How phantom forests are used for greenwashing


By Paul Homewood


Capturing carbon by increasing forest cover has become central to the fight against climate change. But there’s a problem. Sometimes these forests exist on paper only – because promises have not been kept, or because planted trees have died or even been harvested. A new effort will now be made to track success and failure.

Dr Jurgenne Primavera is being paddled in a canoe along the coast of Iloilo in the Philippines. It’s an idyllic scene but she is frowning. Six years ago these shallow waters were planted with mangroves as part of the country’s ambitious National Greening Programme, but now there is nothing to see but blue water and blue sky.

Ninety per cent of the seedlings died, Dr Primavera says, because the type of mangrove planted was suited to muddy creeks rather than this sandy coastal area. The government preferred it, she suggests, because it…

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Inconvenient Truths: Sunset & Calm Weather Mean Wind & Solar Can Never Power Us


No country has ever powered itself entirely on wind and solar; no country ever will. And the reason is very simple: sunset and calm weather.

Pressed on the inherent intermittency of wind and solar, the acolyte starts muttering about “storage” as if it were a thing. It isn’t and, for reasons of physics and economics, will never be. As Francis Menton spells out below.

No Amount Of Incremental Wind And Solar Power Can Ever Provide Energy Independence
Manhattan Contrarian
Francis Menton
15 March 2022

Here’s the single most important function of this blog: Saying the things that are patently obvious but that just can’t be said these days in polite society. Yes, it’s The Emperor’s New Clothes every day here at Manhattan Contrarian.

With war raging in Ukraine following Russia’s invasion, there is a renewed concern in many quarters for “energy independence.” Until recently, the sophisticated countries of Europe had…

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The Big ‘Green’ Lie: Why We’ll Never, Ever Be 100% Powered By Wind & Solar Power


The wind and solar acolyte in their more delusional moments readily proclaims that an all-wind and sun-powered future is upon us.  Never mind sunset; never mind dead calm weather; and never mind the fact that the idea that giant lithium-ion batteries economically storing wind and solar power at grid-scale is pure hokum – for the dreamer, the only thing in our path is a bunch of fossil-fuel loving ‘dinosaurs’.

The renewable energy rent-seeker preys on the naïve and ignorant, with a marketing mantra that, for a few dollars more, we can all enjoy electrons exclusively harvested from sunshine and breezes. Never again will our consciences be troubled by the notion that our lights and fridges are running on coal-fired electricity. Perish the thought.

Or, so the story goes.

Karsten Neumeister – quite apparently a subsidised solar worshipper – takes a look at the methods used by power retailers to dupe…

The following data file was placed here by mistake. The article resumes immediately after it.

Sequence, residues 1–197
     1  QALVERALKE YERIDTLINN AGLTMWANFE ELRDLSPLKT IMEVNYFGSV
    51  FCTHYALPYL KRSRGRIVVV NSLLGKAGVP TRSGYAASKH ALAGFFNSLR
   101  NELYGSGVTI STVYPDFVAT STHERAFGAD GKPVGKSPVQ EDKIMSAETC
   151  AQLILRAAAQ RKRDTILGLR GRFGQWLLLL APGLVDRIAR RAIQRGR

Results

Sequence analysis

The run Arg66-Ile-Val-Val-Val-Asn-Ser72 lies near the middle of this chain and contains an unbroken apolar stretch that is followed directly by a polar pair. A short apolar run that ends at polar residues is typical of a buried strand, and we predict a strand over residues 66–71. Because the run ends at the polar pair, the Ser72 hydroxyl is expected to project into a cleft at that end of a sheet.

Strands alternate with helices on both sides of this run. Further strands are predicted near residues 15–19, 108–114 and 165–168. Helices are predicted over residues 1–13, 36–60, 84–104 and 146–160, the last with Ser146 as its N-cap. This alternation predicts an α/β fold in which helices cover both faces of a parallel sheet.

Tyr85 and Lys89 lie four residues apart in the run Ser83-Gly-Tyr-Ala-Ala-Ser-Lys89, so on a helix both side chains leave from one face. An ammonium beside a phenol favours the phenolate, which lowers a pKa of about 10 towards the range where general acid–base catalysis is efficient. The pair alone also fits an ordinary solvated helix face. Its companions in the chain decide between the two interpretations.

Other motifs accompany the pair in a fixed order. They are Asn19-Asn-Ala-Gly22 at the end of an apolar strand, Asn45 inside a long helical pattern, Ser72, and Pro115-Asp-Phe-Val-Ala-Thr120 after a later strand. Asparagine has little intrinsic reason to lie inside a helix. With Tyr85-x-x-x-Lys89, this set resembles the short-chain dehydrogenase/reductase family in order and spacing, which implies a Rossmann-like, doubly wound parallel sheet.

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Jacob Eisler: The Elections Act in Uncertain Times: Democracy, Partisanship, and the Uncodified Constitution

UK Constitutional Law Association

The Elections Act 2022 – finally law after a long and contentious development in the Commons and the Lords – implements a number of controversial measures. The IDprovision requires that persons present a photographic identification at the polls. This has raised concerns of suppressing the vote of economically and socially vulnerable groups who may be less likely to possess such ID. The lack of evidence of widespread voter deception in the UK undermines its justification as an anti-fraud measure. A separate provision places the Electoral Commission under greater governmentcontrol, politicising the previously independent watchdog of campaign financing and electoral integrity. While advocates for the provision argued for it on the grounds of political accountability, it has raised concerns that the neutrality desirable of an electoral regulator is being needlessly sacrificed.

The legislative unfolding of the Act casts light on a deeper political crisis facing democratic self-rule in…

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Time Is Wrong–Climate Change Will Not Make Us Hungry


By Paul Homewood


The article naturally focusses on Ukraine, but then proceeds with a series of lies about climate change:

The ripple effect of the Ukraine crisis on global grocery bills, however, is just a taste of what is to come as climate change disrupts the world’s agricultural areas. As temperatures rise due to increasing greenhouse-gas emissions, so too will the price of food. Humanitarian aid is likely to suffer first, with donors’ funds losing their purchasing power when prices of basic commodities like wheat and oil increase.